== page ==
Adeno-associated virus (AAV) is a defective human parvovirus that is not able to replicate unless a helper virus, such as adenovirus, is also present.19 There are several features that make AAV an attractive vector. The virus can be prepared at high titer, is not pathogenic in humans, and infects a broad range of cell lines.20 Wild-type AAV integrates in a site-specific manner in a 7-kb region of human chromosomes.20,21 The AAV genome is a single-stranded, linear, 5-kb DNA molecule.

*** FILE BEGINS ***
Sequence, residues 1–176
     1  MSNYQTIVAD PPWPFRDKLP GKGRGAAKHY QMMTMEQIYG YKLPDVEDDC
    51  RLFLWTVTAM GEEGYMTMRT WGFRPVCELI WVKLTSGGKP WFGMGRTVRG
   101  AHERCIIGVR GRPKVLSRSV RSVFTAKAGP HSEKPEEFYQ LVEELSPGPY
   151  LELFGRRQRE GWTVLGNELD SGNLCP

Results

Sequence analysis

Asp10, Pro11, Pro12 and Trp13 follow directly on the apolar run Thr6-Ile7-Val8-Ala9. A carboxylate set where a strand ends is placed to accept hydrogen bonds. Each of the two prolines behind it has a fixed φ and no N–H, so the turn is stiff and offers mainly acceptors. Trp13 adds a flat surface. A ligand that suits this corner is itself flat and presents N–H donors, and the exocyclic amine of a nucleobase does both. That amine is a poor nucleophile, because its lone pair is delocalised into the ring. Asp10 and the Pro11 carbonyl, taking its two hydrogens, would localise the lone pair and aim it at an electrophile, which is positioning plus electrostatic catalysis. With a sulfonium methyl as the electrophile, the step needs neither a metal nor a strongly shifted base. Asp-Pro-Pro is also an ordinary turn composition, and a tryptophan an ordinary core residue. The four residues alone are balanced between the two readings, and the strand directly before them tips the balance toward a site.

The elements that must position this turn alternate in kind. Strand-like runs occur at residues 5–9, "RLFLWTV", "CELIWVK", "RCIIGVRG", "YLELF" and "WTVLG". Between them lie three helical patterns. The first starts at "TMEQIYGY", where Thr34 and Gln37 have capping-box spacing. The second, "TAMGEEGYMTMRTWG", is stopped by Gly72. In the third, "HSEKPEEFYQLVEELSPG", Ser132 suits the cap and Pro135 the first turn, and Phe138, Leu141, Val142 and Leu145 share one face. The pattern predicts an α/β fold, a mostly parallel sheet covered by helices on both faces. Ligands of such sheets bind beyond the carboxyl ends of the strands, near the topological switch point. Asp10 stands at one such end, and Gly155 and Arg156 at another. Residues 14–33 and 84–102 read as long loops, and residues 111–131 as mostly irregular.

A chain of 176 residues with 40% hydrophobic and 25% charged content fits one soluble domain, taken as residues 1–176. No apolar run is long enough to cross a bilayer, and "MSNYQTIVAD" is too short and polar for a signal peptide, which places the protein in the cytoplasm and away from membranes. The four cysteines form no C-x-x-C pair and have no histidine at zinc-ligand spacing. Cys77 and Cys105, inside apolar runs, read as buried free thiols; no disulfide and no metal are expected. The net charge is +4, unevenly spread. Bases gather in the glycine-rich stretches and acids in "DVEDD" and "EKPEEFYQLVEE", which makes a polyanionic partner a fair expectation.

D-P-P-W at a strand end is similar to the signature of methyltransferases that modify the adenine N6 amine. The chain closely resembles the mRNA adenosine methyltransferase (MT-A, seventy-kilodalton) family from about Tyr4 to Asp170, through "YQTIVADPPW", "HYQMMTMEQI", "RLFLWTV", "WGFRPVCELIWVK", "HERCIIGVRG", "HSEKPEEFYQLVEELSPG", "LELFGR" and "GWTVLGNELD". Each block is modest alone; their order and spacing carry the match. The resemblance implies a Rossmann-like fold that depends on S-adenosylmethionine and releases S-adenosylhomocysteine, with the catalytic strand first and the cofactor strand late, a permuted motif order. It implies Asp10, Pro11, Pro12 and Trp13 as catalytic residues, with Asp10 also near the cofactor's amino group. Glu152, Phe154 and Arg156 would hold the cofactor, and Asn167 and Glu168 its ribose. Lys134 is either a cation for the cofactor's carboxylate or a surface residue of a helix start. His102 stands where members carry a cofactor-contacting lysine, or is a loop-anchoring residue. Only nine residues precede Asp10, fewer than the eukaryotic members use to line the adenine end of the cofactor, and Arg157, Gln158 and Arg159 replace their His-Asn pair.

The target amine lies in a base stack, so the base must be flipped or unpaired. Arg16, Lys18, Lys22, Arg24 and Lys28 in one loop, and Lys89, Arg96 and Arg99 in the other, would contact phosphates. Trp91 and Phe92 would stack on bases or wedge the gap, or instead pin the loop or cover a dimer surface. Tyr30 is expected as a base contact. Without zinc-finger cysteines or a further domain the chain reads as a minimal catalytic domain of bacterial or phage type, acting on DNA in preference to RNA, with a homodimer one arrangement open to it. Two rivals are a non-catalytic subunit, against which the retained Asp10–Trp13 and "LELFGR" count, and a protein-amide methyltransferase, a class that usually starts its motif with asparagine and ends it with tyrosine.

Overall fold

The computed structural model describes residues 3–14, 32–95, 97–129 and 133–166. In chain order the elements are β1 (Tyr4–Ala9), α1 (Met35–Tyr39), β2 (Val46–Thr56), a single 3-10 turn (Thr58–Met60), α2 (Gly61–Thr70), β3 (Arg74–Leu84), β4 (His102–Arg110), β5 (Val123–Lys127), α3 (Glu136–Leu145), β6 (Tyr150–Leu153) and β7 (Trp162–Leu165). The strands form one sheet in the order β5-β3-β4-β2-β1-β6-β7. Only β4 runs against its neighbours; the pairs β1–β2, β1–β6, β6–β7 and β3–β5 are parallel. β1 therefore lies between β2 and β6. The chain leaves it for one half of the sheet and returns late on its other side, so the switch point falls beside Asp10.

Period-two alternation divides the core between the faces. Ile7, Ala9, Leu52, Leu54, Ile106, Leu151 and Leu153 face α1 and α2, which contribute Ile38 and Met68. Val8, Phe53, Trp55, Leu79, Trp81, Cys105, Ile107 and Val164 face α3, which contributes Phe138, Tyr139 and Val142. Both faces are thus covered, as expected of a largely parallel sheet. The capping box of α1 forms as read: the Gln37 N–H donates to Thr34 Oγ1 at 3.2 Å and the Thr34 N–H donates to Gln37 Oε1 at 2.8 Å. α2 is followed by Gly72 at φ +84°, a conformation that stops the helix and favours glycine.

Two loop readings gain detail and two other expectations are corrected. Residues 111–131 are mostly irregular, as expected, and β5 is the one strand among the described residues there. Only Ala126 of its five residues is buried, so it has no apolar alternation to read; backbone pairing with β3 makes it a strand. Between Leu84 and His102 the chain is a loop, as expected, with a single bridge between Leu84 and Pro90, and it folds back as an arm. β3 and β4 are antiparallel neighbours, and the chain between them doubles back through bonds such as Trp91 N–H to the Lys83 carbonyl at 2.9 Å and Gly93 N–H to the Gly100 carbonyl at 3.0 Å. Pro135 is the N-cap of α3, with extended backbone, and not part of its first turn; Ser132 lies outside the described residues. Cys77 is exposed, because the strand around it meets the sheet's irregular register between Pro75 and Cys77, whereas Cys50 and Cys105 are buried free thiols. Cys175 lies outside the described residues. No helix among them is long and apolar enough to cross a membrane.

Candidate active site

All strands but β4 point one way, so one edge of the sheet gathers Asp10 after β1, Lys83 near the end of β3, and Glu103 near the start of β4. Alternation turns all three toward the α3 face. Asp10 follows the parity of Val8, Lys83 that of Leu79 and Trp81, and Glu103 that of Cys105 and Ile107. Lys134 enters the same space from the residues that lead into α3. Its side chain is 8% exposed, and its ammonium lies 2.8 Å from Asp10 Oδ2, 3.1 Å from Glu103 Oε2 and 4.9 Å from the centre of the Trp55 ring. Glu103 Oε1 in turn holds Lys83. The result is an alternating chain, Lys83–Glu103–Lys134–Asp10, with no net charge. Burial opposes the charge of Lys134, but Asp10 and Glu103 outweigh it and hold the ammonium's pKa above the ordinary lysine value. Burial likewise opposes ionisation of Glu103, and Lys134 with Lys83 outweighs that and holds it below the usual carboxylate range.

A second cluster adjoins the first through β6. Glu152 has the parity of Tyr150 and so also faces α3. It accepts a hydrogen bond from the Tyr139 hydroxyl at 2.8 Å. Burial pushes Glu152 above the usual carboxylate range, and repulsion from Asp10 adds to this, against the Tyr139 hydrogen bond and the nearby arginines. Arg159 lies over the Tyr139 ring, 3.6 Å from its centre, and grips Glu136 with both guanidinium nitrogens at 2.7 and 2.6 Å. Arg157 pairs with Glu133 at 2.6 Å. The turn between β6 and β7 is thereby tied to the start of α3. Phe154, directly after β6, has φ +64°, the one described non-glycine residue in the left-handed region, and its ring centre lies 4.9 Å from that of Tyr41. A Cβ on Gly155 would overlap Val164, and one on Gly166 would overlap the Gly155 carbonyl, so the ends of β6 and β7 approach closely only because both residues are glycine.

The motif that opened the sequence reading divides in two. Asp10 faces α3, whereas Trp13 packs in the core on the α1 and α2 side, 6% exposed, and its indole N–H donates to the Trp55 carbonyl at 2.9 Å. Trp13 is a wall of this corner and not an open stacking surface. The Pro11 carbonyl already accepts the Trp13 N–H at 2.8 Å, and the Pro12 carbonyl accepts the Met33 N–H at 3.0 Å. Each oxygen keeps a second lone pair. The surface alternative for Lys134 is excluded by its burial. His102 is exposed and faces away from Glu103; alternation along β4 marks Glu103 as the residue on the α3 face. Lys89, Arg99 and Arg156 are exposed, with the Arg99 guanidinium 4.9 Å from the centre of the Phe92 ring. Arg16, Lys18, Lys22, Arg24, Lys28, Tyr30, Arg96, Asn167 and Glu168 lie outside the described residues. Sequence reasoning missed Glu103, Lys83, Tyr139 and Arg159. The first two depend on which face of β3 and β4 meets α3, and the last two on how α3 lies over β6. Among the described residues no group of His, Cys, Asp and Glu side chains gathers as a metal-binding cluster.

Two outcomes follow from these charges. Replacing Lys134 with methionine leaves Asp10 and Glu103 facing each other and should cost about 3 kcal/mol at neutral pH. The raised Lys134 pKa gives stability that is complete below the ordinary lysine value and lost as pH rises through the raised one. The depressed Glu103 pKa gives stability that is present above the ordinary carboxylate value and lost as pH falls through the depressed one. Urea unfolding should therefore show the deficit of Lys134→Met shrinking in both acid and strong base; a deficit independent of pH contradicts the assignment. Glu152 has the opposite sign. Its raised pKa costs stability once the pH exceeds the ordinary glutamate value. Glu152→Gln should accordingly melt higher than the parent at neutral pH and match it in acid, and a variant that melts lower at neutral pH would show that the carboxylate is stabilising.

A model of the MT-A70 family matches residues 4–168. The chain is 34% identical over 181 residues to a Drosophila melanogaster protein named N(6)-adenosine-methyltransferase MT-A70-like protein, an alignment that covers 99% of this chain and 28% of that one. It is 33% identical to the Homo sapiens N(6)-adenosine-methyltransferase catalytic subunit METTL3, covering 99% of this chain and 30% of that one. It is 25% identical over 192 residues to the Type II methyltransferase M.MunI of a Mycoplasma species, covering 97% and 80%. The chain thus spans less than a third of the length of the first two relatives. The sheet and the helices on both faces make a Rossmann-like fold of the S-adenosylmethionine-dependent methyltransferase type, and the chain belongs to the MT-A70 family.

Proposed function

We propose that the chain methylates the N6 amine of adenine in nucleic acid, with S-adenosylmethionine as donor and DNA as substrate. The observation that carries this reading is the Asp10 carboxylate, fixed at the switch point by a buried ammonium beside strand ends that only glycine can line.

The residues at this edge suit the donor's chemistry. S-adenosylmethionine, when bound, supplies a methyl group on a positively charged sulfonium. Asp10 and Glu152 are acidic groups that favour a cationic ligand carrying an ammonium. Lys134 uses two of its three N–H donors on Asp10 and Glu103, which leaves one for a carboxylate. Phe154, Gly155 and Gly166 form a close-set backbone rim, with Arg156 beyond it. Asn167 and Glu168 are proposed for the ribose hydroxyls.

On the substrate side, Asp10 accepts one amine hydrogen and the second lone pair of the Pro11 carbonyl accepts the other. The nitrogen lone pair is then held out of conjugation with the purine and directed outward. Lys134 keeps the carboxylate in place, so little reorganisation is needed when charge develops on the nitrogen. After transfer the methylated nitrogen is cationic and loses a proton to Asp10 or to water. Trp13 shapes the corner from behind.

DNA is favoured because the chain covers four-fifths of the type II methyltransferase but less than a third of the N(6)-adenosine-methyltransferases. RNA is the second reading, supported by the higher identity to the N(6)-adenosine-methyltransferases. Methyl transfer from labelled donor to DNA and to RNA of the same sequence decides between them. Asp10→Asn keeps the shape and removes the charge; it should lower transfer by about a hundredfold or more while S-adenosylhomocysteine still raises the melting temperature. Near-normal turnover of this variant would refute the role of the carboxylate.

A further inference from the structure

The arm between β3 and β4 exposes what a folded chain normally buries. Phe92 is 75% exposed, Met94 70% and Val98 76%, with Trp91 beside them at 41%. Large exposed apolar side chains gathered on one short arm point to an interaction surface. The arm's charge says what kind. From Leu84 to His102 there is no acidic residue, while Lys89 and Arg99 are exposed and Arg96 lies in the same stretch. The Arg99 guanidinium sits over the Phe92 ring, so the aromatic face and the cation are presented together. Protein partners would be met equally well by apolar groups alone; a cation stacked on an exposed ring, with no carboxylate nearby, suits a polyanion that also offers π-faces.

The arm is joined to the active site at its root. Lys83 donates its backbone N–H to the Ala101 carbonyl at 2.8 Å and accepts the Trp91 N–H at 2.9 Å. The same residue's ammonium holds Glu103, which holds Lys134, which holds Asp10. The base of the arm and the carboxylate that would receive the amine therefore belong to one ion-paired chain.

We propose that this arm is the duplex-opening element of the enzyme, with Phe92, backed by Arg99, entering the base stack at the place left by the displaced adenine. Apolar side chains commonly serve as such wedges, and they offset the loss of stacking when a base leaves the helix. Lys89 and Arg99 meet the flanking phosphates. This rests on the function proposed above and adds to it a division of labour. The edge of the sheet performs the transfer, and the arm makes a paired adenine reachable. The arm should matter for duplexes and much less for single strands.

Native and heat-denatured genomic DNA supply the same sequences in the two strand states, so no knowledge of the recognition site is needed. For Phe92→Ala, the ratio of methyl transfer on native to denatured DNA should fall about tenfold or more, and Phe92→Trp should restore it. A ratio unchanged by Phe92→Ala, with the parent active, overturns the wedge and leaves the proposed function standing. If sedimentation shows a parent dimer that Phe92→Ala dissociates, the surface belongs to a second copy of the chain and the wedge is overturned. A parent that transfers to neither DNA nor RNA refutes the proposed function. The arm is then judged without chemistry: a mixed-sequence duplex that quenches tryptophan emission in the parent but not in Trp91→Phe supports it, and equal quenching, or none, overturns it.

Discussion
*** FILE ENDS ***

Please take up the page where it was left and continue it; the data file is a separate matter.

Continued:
The genome is flanked by two 145-bp inverted terminal repeats (ITRs) that contain the sequences required for packing, integration, and DNA replication. The coding region contains two open reading frames (ORFs). Either of these ORFs can be replaced with the transgene and regulatory elements to construct an AAV vector. The ORF can only accept a transgene of 4 to 5 kb, thus limiting the size of the transgene insert. Propagation of AAV vectors requires AAV Rep and Cap proteins and five adenoviral proteins: E1A, E1B, E2A, E4, and VA. These are complex packaging requirements, and thus it has been difficult to construct a packaging cell line. Instead, AAV vectors are propagated by cotransfection of the AAV vector with a plasmid wild-type or mutant helper adenovirus. AAV vectors have been used very successfully when injected into skeletal muscle to produce proteins secreted into the circulation, such as factor IX for hemophilia B.22 Cardiovascular applications include cardiac myocytes, where Svensson et al. have demonstrated stable expression.23 Whether AAV vectors can be adapted to efficiently transduce vascular endothelial cells and smooth muscle cells is not known.
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